IACA considers that no EU airport fully complies with Article 7 para 2. The most important missing information is the cost break-down per airport. The Directive contains ambiguous provisions with regard to a network of airports, which is misused by Spain to consider all the 49 Spanish airports as one network, thereby preventing transparency.
How satisfied are the airlines of your association with the consultation processes at EU airports and what issues remain to be addressed? Please add comments on where it is effective and how it could be improved.
IACA members are very dissatisfied. Improvements required: invitations sent to all users, consultations held in the English language, adequate detailed information in advance of the meetings, conclusion of service level agreements, appeal mechanism with genuinely independent supervisory authority, etc..
Passenger airport charges
In your view, is there a direct correlation between the level of airport charges (as defined in the directive) levied by the airport and the ‘airport charges’ indicated in the ticket price? Is this significant in relation to the other charges that are also paid to the airport or other entities operating at the airport (e.g. fuel surcharge, security charges, etc.)?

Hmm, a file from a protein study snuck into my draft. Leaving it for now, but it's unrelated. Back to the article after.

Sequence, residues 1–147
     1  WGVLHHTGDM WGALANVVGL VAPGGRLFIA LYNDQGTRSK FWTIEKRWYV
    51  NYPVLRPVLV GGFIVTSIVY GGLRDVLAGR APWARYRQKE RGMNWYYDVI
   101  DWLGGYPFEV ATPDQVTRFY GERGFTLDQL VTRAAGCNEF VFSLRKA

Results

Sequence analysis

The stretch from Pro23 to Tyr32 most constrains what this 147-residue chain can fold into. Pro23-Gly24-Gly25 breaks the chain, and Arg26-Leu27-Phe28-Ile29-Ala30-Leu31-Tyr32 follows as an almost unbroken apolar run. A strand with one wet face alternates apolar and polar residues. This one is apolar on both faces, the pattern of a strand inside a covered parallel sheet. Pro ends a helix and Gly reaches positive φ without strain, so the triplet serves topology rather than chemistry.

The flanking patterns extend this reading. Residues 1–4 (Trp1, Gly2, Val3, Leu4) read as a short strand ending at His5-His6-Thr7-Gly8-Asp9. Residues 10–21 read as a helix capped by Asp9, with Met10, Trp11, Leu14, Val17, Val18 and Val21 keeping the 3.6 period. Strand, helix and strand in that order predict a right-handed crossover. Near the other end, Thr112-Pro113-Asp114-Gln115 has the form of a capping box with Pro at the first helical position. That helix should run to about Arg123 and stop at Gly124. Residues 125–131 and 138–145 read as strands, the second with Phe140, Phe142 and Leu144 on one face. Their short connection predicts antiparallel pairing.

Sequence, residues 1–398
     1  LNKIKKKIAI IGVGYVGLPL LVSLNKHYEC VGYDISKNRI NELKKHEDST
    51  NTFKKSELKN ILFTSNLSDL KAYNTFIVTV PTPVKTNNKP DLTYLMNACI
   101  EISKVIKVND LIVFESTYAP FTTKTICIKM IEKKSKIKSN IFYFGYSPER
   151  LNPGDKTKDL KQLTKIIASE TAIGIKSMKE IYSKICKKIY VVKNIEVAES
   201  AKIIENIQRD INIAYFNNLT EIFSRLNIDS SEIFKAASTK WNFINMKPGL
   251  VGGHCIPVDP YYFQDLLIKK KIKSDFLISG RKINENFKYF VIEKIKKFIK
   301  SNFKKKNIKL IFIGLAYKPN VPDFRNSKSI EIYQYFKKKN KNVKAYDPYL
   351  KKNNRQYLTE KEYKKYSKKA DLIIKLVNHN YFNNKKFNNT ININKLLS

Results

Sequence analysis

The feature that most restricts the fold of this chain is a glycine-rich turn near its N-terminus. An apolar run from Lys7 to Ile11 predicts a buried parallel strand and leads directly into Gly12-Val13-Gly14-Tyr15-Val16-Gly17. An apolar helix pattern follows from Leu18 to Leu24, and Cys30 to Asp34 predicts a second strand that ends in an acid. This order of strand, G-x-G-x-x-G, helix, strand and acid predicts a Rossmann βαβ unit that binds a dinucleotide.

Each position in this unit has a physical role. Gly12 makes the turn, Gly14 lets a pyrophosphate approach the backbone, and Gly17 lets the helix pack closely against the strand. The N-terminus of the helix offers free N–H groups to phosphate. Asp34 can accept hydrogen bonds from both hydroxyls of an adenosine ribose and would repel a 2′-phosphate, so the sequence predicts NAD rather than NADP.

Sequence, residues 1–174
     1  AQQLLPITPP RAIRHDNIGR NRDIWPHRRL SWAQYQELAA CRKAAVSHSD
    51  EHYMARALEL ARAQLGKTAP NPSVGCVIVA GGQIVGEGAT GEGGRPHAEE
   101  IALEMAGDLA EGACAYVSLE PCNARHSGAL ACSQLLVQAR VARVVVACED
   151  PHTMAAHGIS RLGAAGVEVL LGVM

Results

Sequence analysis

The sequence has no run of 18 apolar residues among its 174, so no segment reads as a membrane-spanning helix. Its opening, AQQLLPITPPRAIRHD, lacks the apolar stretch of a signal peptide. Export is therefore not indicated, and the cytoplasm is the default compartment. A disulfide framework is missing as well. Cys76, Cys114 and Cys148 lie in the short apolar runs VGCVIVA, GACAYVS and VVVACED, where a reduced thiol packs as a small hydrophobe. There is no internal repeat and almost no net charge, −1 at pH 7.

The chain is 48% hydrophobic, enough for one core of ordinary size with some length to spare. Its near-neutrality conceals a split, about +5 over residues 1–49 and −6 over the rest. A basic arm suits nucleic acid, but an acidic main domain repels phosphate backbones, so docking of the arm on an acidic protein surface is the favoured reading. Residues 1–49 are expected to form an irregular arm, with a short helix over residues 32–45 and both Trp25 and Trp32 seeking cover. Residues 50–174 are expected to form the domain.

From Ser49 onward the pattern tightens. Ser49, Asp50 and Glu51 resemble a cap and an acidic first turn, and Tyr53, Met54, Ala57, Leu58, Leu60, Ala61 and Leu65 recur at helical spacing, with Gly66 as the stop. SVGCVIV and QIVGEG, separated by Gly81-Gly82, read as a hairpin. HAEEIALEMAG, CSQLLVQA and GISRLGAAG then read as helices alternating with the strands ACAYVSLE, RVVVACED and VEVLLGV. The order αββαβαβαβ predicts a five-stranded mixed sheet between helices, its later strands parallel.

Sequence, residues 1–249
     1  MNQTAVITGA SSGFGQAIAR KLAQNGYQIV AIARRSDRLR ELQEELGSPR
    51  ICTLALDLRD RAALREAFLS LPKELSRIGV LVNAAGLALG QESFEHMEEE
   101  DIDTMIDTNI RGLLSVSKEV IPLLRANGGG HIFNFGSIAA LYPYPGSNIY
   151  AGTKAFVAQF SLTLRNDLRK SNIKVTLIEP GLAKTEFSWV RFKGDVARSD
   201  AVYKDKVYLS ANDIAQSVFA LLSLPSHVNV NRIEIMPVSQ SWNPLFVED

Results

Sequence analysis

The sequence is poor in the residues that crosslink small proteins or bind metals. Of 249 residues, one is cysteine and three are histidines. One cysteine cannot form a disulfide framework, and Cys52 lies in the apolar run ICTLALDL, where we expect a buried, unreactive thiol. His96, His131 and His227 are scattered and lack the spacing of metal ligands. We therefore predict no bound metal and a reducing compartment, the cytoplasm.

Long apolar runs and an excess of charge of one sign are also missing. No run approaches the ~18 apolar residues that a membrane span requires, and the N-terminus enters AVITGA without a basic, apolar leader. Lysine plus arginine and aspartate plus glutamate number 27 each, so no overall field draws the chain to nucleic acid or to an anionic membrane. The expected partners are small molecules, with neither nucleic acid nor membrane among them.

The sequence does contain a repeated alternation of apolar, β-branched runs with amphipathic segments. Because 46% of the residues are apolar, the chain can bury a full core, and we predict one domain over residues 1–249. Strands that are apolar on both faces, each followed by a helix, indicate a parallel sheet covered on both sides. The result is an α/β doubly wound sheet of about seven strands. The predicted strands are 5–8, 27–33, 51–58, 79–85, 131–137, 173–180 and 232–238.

As mentioned above, allocating more and more charges on a per passenger basis (even if the correlation is not obvious, e.g. for landing charges) does not incentivize efficiency, as airlines with a high load factor pay a higher share of the airport charges.
In case the passenger does not take the flight for which he/she purchased the ticket, what is the practice of your airlines with respect to the reimbursement of the passenger airport charge to the passenger?
IACA does not collect information on commercial practices of its airline members. IACA nevertheless wishes to draw the attention to the fact that the collection of airport charges from its passengers comes at an administrative cost for airlines for which they are not remunerated by airports. IACA hence finds it legitimate that airlines may limit the reimbursement of collected airport charges. Moreover, airports are often forced by airports to provide a bank guarantee for airport charges, which comes with sunk costs.
What is the current practice in Member States with regard to pre-financing of airport infrastructure?
ICAO principles that airport infrastructure should not be pre-financed by airport users should be respected. However, lack of transparency does not allow a clear view on whether or not pre-financing exists.